The Free Church also recently announced plans to abolish Gaelic-language communion services, citing both a lack of ministers and a desire to have their congregations united at communion time.

From the sixth century to the present day, Scottish Gaelic has been used as the language of literature.

Two prominent writers of the twentieth century are Anne Frater and Sorley Maclean. Gaelic has its own version of European-wide names which also have English forms, for example: Not all traditional Gaelic names have direct equivalents in English: Oighrig , which is normally rendered as Euphemia Effie or Henrietta Etta formerly also as Henny or even as Harriet , or, Diorbhal , which is "matched" with Dorothy , simply on the basis of a certain similarity in spelling.

Many of these traditional Gaelic-only names are now regarded as old-fashioned, and hence are rarely or never used. Some Scottish names are Anglicized forms of Gaelic names: Several colours give rise to common Scottish surnames: Although some vowels are strongly nasal, instances of distinctive nasality are rare.

There are about nine diphthongs and a few triphthongs. Most consonants have both palatal and non-palatal counterparts, including a very rich system of liquids , nasals and trills i.

In medial and final position, the aspirated stops are preaspirated rather than aspirated. Scottish Gaelic is an Indo-European language with an inflecting morphology , verb—subject—object word order and two grammatical genders.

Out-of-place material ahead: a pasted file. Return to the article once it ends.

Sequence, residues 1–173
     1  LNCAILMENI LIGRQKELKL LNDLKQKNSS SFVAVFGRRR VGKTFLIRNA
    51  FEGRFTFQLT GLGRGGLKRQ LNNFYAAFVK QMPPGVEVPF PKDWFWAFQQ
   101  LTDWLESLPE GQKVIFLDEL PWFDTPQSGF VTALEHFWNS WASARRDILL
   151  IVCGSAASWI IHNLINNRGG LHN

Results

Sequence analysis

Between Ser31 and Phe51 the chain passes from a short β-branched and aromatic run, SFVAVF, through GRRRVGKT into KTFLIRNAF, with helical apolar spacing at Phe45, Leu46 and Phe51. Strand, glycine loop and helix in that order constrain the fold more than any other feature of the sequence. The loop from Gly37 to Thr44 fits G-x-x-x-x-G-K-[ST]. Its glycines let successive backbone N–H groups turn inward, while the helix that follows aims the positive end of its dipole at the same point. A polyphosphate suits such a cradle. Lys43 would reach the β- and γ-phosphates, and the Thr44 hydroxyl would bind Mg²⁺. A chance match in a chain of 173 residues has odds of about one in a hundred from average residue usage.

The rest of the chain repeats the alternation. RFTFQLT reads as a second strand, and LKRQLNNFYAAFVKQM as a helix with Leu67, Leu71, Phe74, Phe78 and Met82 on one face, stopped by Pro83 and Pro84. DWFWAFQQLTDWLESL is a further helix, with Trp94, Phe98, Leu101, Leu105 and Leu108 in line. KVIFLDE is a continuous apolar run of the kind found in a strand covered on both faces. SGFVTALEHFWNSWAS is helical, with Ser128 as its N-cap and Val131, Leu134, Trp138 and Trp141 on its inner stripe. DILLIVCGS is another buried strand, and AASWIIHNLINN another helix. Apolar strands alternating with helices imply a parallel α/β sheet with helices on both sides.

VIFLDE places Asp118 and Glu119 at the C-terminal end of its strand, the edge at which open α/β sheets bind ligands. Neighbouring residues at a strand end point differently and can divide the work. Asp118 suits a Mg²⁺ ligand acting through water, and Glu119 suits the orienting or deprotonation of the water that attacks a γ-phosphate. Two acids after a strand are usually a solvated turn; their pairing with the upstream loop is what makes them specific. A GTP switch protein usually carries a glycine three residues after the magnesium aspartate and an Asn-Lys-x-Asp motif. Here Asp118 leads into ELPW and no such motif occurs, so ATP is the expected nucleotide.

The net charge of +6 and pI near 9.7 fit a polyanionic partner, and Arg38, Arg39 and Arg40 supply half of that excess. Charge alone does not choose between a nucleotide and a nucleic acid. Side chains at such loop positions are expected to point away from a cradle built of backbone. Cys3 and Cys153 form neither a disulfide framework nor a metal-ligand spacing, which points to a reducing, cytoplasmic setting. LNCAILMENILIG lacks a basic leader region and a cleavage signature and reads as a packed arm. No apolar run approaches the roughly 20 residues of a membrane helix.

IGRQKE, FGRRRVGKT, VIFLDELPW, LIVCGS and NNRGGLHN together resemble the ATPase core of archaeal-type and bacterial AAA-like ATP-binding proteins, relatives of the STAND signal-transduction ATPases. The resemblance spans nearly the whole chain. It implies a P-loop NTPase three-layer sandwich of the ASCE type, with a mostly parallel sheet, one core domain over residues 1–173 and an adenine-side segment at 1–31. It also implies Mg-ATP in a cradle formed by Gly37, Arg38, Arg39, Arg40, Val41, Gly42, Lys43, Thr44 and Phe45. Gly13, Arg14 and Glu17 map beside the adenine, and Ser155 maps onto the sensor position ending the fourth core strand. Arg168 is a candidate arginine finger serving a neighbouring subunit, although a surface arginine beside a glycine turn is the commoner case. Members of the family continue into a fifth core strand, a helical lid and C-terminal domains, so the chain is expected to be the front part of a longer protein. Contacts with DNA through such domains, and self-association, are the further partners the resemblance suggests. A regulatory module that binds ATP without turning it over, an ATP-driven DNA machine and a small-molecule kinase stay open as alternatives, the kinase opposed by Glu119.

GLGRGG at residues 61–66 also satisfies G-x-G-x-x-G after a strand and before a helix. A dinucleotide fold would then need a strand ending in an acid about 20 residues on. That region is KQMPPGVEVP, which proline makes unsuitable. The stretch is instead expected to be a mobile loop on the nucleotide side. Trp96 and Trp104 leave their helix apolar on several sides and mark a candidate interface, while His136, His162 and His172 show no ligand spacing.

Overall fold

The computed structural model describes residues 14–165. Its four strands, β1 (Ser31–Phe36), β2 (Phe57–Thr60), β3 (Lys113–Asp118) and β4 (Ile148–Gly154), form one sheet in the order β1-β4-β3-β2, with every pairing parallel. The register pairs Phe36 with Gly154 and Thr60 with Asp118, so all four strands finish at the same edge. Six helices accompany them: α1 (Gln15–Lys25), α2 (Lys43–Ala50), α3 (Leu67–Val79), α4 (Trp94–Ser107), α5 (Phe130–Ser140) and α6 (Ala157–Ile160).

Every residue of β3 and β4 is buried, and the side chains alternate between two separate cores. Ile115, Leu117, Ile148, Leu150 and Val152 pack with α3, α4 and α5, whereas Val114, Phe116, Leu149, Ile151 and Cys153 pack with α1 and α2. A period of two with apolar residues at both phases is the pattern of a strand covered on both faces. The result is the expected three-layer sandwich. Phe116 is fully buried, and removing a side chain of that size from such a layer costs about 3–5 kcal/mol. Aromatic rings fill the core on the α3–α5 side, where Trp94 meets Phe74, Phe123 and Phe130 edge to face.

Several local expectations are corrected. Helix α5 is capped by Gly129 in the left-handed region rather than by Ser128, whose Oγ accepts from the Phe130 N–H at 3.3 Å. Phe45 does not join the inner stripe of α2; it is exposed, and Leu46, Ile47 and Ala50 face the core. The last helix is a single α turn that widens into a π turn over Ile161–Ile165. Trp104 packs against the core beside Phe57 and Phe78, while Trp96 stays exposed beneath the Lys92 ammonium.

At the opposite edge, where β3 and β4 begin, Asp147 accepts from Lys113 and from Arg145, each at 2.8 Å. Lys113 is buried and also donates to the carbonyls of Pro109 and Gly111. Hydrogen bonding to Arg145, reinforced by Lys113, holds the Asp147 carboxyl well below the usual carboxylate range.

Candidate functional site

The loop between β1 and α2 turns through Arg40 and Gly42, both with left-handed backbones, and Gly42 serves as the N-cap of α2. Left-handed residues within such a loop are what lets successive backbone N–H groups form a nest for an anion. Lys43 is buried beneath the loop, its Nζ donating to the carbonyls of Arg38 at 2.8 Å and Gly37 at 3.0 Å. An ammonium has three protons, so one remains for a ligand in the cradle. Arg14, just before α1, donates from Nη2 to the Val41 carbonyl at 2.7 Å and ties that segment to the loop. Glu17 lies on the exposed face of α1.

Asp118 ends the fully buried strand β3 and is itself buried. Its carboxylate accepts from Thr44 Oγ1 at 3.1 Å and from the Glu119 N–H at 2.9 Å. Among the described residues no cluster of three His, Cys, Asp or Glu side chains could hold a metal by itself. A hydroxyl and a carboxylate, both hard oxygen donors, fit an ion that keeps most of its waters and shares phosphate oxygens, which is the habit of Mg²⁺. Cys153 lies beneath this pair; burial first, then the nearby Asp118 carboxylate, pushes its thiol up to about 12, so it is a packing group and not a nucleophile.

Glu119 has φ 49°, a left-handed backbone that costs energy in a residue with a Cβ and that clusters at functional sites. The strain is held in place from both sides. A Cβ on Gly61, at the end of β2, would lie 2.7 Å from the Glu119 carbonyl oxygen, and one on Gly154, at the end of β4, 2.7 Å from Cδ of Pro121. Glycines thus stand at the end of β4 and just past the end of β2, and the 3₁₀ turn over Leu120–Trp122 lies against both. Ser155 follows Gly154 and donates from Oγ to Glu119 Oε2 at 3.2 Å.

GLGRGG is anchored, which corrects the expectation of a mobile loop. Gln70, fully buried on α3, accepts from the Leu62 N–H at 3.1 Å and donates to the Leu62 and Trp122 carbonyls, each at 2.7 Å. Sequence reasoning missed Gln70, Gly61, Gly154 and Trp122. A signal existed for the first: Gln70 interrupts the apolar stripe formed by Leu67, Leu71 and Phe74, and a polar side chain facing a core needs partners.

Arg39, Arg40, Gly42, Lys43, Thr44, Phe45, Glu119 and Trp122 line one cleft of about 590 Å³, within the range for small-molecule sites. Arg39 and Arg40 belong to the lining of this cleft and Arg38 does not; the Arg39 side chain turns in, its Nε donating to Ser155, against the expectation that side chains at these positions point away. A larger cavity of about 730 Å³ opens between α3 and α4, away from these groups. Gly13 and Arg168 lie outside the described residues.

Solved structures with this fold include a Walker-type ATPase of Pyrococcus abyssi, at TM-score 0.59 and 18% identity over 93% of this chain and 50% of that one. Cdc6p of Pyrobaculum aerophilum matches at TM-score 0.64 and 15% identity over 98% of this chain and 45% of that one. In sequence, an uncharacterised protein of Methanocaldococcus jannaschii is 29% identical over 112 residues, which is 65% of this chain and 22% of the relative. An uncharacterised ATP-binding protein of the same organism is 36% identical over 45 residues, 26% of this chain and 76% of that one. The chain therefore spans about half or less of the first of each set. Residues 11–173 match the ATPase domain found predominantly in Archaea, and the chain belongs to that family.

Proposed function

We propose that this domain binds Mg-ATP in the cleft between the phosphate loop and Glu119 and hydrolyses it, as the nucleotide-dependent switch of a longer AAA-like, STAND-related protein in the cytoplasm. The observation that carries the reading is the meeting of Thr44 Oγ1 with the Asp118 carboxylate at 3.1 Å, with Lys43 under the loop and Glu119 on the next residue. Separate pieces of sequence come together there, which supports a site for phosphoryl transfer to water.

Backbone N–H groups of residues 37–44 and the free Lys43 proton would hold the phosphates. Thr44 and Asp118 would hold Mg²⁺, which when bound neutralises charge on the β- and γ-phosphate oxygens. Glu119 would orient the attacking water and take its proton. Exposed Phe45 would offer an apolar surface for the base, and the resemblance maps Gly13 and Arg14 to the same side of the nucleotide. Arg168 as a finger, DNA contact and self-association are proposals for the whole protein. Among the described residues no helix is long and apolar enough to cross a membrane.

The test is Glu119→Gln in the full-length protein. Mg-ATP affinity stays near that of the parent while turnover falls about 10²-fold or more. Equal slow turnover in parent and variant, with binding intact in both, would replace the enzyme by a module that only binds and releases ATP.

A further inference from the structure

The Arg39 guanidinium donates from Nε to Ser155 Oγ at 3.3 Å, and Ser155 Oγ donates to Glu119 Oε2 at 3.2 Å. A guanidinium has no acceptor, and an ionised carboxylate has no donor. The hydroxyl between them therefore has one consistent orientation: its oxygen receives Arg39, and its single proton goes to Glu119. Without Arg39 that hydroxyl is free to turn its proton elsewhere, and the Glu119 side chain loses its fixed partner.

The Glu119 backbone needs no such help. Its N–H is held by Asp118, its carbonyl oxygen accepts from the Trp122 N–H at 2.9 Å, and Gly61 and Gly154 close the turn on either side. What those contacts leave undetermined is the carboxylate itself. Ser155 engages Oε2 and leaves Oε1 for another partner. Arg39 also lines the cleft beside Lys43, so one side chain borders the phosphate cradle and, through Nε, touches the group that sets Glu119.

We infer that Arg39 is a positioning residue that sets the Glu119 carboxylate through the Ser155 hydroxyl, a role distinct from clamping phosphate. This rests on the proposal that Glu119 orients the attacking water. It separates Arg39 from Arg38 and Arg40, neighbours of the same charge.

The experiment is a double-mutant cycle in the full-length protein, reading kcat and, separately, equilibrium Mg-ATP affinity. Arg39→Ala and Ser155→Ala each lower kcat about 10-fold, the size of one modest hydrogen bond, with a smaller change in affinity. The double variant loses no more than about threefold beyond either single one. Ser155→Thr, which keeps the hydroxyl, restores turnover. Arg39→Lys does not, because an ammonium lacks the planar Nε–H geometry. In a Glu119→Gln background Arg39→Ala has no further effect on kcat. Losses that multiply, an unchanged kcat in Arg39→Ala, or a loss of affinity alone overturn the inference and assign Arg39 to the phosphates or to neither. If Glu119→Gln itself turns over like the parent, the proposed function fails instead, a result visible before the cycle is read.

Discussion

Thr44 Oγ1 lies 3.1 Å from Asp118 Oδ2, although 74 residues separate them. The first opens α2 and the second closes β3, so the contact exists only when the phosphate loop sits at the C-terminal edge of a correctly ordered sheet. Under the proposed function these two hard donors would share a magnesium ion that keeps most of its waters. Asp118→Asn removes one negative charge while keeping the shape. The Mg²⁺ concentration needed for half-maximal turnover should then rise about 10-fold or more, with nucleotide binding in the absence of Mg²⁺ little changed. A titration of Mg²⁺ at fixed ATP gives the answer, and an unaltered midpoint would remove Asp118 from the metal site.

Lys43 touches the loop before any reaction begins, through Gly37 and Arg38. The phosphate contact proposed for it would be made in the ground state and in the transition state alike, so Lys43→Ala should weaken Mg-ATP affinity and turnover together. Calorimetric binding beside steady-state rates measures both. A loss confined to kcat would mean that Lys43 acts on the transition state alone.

They are also normally classed as either masculine or feminine. A small number of words that used to belong to the neuter class show some degree of gender confusion.

For example, in some dialects am muir "the sea" behaves as a masculine noun in the nominative case, but as a feminine noun in the genitive na mara.

Nouns are marked for case in a number of ways, most commonly involving various combinations of lenition , palatalisation and suffixation.

There are 12 irregular verbs. Word order is strictly verb—subject—object, including questions, negative questions and negatives.

Only a restricted set of preverb particles may occur before the verb. The majority of the vocabulary of Scottish Gaelic is native Celtic.

There are also many Brythonic influences on Scottish Gaelic. Scottish Gaelic contains a number of apparently P-Celtic loanwords, but it is not always possible to disentangle P and Q Celtic words.